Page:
Are You Chasing the Wind?Ever turn to a toxic habit to escape? Steve Arterburn describes it this way, “Addiction is a radical commitment to escape reality.” In many ways, addiction is like chasing after the wind—one can feel the wind but never hold it.

Addiction always begins as an experiment. Someone starts by trying to taste life’s pleasures and find fun and excitement to escape their pain. They attempt to find fulfillment by using drugs, alcohol, overeating, shopping, porn, working excessively, or something else.

Though they find temporary relief from the pain by using what they believe they can control, the pain returns, and it’s much worse than before.A person stuck in addiction feels high temporarily—but later, they drop so low that they must use just to feel normal again.

In the book of Ecclesiastes in the Bible, the phrase “chasing the wind,” is used seven times. It is a metaphor for pursuing futility. The theme of the book shows how Solomon, the author, set out to taste all of life’s pleasures. He even had the means to do so without any limit. He systematically used his addiction to alcohol, overworking, power, greed, and vast sexual exploits with numerous women to find meaning and purpose in life. But he never found meaning in these things and ended up worse off than when he started.

Solomon explains why it’s meaningless to look for purpose in the wrong places:

Anything I wanted, I would take. I denied myself no pleasure. I even found great pleasure in hard work, a reward for all my labors. But as I looked at everything I had worked so hard to accomplish, it was all so meaningless—like chasing the wind. There was nothing really worthwhile anywhere.—Ecclesiastes 2:10-11, NLT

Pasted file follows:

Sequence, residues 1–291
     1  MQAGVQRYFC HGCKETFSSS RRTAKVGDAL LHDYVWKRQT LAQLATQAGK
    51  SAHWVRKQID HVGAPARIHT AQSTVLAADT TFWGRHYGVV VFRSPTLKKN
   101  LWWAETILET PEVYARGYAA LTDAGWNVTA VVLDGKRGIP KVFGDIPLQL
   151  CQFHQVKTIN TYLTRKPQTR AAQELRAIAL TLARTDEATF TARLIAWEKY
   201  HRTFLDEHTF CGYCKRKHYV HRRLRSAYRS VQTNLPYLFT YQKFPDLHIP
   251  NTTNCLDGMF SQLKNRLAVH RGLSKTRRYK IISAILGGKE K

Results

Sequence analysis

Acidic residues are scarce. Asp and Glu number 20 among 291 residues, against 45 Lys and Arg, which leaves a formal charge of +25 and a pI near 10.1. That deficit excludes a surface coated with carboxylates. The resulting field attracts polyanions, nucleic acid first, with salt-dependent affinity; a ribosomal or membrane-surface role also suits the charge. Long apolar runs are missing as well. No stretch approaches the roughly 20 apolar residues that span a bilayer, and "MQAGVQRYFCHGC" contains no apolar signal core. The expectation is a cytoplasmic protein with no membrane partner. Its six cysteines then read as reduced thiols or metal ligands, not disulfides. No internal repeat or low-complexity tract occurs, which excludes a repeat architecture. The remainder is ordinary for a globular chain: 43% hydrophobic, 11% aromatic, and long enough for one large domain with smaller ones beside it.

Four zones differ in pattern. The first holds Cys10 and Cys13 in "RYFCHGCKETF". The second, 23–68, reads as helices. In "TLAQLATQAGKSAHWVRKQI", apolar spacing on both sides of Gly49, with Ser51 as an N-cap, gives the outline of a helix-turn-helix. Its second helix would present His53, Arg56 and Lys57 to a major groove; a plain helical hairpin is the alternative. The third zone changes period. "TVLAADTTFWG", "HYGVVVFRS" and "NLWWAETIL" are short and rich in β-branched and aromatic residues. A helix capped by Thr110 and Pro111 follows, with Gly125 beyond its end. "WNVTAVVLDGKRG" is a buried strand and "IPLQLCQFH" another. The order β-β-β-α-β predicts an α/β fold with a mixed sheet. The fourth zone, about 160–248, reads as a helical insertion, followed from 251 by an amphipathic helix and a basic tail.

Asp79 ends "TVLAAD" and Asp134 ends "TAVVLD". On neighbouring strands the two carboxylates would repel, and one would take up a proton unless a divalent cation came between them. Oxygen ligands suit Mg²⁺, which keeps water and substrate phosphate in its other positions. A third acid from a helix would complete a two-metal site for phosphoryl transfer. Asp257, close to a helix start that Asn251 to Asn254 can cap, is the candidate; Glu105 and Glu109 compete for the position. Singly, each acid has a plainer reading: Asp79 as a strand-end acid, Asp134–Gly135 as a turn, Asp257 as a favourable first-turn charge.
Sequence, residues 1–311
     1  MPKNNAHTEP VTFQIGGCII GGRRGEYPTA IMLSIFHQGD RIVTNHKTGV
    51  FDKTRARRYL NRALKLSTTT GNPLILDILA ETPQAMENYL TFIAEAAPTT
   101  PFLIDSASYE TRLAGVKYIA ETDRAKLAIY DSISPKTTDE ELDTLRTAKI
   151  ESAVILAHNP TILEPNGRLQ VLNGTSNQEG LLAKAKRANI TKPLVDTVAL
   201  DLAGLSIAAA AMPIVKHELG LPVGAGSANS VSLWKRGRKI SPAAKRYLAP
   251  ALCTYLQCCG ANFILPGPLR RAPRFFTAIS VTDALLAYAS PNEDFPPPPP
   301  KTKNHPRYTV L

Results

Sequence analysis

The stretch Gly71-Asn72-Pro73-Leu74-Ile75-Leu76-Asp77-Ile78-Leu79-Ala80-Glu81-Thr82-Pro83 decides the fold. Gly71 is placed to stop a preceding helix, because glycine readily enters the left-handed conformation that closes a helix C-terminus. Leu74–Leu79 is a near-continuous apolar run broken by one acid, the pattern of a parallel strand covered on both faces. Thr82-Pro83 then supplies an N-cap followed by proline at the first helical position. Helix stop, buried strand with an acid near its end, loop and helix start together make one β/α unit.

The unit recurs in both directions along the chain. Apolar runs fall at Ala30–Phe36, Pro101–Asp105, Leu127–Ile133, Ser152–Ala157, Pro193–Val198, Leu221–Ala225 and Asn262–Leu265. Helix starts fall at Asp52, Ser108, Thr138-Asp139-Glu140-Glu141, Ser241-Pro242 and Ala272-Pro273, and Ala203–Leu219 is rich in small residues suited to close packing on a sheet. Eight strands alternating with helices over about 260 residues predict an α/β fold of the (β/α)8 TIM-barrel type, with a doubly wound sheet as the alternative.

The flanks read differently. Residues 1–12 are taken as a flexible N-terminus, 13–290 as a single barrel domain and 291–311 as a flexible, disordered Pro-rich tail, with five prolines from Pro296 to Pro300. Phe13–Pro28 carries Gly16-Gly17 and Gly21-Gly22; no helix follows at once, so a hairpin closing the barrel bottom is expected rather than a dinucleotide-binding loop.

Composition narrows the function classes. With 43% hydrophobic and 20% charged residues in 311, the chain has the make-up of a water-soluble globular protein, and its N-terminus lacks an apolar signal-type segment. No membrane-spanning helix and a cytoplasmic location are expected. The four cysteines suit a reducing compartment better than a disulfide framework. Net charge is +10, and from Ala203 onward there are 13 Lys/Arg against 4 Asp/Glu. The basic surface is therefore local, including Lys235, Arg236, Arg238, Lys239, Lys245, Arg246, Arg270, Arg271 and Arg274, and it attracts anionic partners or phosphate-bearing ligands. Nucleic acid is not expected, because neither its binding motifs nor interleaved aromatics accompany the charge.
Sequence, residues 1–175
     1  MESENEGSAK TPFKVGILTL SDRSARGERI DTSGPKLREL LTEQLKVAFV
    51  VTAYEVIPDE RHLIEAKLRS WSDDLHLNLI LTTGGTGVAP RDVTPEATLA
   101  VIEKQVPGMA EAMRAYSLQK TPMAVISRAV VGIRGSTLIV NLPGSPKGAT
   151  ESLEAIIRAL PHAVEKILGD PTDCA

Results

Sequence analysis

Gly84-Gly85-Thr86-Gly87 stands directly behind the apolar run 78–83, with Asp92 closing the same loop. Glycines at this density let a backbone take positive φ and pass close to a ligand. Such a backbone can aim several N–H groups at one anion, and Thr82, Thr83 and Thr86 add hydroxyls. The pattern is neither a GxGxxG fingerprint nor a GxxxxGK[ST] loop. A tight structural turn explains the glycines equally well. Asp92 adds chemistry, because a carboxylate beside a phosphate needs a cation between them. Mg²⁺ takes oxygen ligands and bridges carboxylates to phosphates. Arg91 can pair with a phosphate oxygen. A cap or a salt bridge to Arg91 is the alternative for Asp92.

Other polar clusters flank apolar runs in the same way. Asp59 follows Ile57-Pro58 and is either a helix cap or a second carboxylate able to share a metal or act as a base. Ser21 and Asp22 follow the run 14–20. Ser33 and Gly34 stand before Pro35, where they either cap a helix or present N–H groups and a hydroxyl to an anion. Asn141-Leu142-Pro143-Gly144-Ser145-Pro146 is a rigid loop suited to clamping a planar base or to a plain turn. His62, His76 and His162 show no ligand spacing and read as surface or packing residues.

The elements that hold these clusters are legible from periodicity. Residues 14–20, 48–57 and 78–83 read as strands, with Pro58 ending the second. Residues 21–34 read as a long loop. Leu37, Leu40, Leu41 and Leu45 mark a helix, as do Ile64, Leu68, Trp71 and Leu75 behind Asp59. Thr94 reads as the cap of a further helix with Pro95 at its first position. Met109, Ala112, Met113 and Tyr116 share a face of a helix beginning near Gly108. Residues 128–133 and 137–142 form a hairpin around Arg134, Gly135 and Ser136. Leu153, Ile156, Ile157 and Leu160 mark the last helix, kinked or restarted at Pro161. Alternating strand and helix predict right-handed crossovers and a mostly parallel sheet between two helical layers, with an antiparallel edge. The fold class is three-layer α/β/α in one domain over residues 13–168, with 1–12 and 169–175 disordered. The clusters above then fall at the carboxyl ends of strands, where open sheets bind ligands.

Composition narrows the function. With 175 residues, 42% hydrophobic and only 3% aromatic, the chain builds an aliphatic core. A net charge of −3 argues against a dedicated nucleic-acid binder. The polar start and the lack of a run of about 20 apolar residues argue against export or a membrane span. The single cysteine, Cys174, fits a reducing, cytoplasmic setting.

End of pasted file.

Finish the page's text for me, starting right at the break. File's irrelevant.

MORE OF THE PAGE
But Solomon, thankfully, discovered he had been searching in all the wrong places and that the real purpose of life was not found in pleasure. At the end of Ecclesiastes, in chapter 12 verses 13-14, he writes, “Here now is my final conclusion: Fear God and obey his commands, for this is everyone’s duty. God will judge us for everything we do, including every secret thing, whether good or bad.”

Addiction typically is about escapism, avoiding reality, and denying there is a problem. When an addict enters treatment to overcome their addiction, they must see reality as it is. This can be very difficult. For help, contact New Life Ministries by calling 800-NEW-LIFE or clicking here.

Like Solomon, the world is full of people chasing after the wind but going nowhere fast. Anyone who runs after fulfillment in pleasure will miss the opportunity to discover their true purpose and contentment until they stop running from their pain and turn to face it.

Adapted from The Life Recovery Devotional.